%let vnum=2; /*vector numbers for a word*/
%let wnum=7; /*max word number in a sentence*/
data WANT;
  set HAVE;
  by Sentenceid;
  array _vector_ [*] vector:;         /*Map to source vectors*/
 
  array _word [ %eval(1*&wnum)] $ 45; /*Array to store WORD in wide table*/
  array _vector [ %eval(&wnum*&vnum)];/*Array to store VECTORS in wide table*/
  retain _word: _vector:;             /*RETAIN during the implicit loop*/
 
  retain _offset_ 0;                  /*Offset of a WORD in a sentence, base 0*/
  if first.Sentenceid then do;
    call missing(of _word[*]);
	call missing(of _vector[*]);
    _offset_=0;
  end;
  else _offset_=_offset_+1;
 
  _word[ _offset_+1 ]=word;           /*Cache current word to array WORD at [ _offset_+1]*/
  do i=1 to dim(_vector_);            /*Cache each vectors to array VECTORS at [_offset_* &vnum +i]*/
    _vector[_offset_* &vnum +i]=_vector_[i]; 
  end;
  keep Sentenceid _word: _vector: ;   /*Keep for output when it hit last.Sentenceid*/
 
  if last.Sentenceid then output;     /*Output the cached WORD and VECTORS*/
run;
 
proc print data=want;run;

Accordingly, if we need to transform a word vector back from wide style to long style, we need to generate &WNUM rows x &VNUM columns for each sentence, and it’s the reversed process for upper logic. The full SAS code with detailed comments is listed below:

/*Wide table to Long table*/
data HAVE2;
  set WANT; 
 
  array _word [*] _word:;           /*Array _word[] mapping to WORD in wide table*/
  array _vector_ [*] _vector:;     /*Array _vector[] mapping to VECTORS in wide table*/
 
  length Word $ 45;                 /*Output Word in the long table*/
  array Vector[&vnum];              /*Output Vectors in the long table*/
  do i=1 to &wnum;                  /*Unpack word from array _word[]*/       
    word=_word[i]; 
	if word=" " then continue;
    do j=1 to &vnum;                /*Unpack vectors from array _vector[]*/
	  oo= (j+&vnum * (i-1)); 
      Vector[j]=_vector_[j + &vnum *(i-1)];
    end;
	keep Sentenceid Word Vector:;
	output;                          /*One row in wide table generate &wnum rows[]*/
  end;
run;
proc print data=HAVE2;run;

To wrap the upper bi-directional transformation process for general repurposing in text analysis, we provide two SAS MACROs listed below:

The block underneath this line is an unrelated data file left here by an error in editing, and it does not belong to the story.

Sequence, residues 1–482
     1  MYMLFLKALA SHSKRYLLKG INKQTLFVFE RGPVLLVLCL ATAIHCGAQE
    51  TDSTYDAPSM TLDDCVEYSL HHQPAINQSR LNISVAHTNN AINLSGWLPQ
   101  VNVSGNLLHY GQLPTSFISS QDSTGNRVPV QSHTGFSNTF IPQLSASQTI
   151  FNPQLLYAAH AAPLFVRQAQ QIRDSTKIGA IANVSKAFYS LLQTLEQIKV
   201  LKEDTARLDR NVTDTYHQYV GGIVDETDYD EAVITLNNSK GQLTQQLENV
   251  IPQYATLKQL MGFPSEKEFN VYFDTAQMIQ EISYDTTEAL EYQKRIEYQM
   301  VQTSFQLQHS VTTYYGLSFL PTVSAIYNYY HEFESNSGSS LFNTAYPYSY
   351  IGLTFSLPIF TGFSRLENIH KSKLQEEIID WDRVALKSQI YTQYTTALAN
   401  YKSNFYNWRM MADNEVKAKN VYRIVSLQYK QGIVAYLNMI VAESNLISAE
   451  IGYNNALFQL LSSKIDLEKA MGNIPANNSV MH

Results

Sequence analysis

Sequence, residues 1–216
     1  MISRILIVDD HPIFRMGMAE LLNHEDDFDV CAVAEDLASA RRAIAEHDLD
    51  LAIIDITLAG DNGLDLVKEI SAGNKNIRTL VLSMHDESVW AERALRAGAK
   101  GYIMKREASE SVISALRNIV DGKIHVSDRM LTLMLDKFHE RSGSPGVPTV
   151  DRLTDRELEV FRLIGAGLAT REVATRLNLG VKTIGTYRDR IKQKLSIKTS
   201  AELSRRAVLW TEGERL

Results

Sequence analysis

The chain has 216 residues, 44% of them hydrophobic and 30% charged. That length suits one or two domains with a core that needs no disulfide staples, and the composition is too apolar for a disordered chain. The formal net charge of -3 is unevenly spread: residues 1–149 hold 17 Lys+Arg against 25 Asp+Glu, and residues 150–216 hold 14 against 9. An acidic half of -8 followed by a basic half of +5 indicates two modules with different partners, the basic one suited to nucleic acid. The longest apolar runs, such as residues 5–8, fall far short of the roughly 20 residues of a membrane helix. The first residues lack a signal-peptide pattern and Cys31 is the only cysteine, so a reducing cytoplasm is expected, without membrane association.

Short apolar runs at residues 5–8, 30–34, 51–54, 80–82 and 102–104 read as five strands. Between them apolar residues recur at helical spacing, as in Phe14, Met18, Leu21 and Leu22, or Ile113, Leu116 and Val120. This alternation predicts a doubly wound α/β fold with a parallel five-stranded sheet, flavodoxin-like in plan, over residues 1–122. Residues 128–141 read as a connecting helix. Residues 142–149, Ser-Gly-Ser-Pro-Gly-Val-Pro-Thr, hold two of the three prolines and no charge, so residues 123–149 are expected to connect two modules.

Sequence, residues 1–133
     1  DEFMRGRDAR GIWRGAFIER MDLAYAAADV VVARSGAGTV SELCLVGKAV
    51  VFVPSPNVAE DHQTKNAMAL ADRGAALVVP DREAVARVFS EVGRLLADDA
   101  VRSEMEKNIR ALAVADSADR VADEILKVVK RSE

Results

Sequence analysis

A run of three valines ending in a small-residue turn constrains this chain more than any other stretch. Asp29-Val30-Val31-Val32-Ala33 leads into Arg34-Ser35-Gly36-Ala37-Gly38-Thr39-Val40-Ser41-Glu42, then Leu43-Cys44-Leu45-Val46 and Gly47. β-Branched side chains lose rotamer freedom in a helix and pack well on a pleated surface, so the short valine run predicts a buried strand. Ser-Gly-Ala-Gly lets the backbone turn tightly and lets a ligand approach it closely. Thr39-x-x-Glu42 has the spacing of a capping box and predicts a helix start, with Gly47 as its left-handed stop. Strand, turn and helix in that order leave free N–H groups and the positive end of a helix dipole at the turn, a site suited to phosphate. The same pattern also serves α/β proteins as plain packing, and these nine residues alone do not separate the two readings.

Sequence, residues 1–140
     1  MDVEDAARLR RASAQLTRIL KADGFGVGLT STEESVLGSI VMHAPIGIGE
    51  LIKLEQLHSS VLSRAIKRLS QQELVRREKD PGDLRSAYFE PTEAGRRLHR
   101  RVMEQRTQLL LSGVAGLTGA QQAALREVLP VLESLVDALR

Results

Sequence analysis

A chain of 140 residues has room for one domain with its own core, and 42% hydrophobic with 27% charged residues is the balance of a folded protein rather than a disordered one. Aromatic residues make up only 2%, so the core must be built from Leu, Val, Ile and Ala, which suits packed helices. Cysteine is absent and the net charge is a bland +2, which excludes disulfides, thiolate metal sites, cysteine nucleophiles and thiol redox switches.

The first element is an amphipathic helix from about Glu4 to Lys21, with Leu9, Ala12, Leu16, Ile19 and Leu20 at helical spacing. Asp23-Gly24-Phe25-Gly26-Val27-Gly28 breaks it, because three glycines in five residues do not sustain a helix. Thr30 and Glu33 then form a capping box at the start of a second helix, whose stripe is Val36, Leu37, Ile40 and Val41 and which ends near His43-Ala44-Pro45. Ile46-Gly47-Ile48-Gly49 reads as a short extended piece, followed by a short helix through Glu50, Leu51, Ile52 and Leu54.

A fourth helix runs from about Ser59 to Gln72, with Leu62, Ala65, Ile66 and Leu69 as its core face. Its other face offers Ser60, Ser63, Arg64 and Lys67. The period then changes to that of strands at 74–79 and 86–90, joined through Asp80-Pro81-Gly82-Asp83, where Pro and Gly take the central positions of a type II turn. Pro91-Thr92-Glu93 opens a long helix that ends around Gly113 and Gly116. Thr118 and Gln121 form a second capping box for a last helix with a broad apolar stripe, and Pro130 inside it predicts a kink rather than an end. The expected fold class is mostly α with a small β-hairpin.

%Long2Wide(data=Have, vnum=2, wnum=7, sid=SentenceId, word=Word, out=Want);
proc print data=Want;run;
 
%Wide2Long(data=Want, vnum=2, wnum=7, sid=Sentenceid, out=Have2, outword=Word, outvector=Vector);
proc print data=Have2;run;

We have demonstrated how to transform a word vector table from a long style to a wide style (or vice versa) efficiently with a SAS DATA step. We have also provided two well-wrapped SAS MACROs for general re-use purposes. To learn more, please check out these additional resources:

Transform word vector tables from long to wide was published on SAS Users.

2月 142020
 

In honor of Valentine’s day, we thought it would be fitting to present an excerpt from a paper about the LIKE operator because when you like something a lot, it may lead to love! If you want more, you can read the full paper “Like, Learn to Love SAS® Like” by Louise Hadden, which won best paper at WUSS 2019.

Introduction

SAS provides numerous time- and angst-saving techniques to make the SAS programmer’s life easier. Among those techniques are the ability to search and select data using SAS functions and operators in the data step and PROC SQL, as well as the ability to join data sets based on matches at various levels. This paper explores how LIKE is featured in each one of these techniques and is suitable for all SAS practitioners. I hope that LIKE will become part of your SAS toolbox, too.

Smooth Operators

SAS operators are used to perform a number of functions: arithmetic calculations, comparing or selecting variable values, or logical operations. Operators are loosely grouped as “prefix” (for example a sign before a variable) or “infix” which generally perform an operation BETWEEN two variables. Arithmetic operations using SAS operators may include exponentiation (**), multiplication (*), and addition (+), among others. Comparison operators may include greater than (>, GT) and equals (=, EQ), among others. Logical, or Boolean, operators include such operands as || or !!, AND, and OR, and serve the purpose of grouping SAS operations. Some operations that are performed by SAS operators have been formalized in functions. A good example of this is the concatenation operators (|| and !!) and the more powerful CAT functions which perform similar, but not identical, operations. LIKE operators are most frequently utilized in the DATA step and PROC SQL via a DATA step.

There is a category of SAS operators that act as comparison operators under special circumstances, generally in where statements in PROC SQL and the data step (and DS2) and subsetting if statements in the data step. These operators include the LIKE operator and the SOUNDS LIKE operator, as well as the CONTAINS and the SAME-AND operators. It is beyond the scope of this short paper to discuss all the smooth operators, but they are definitely worth a look.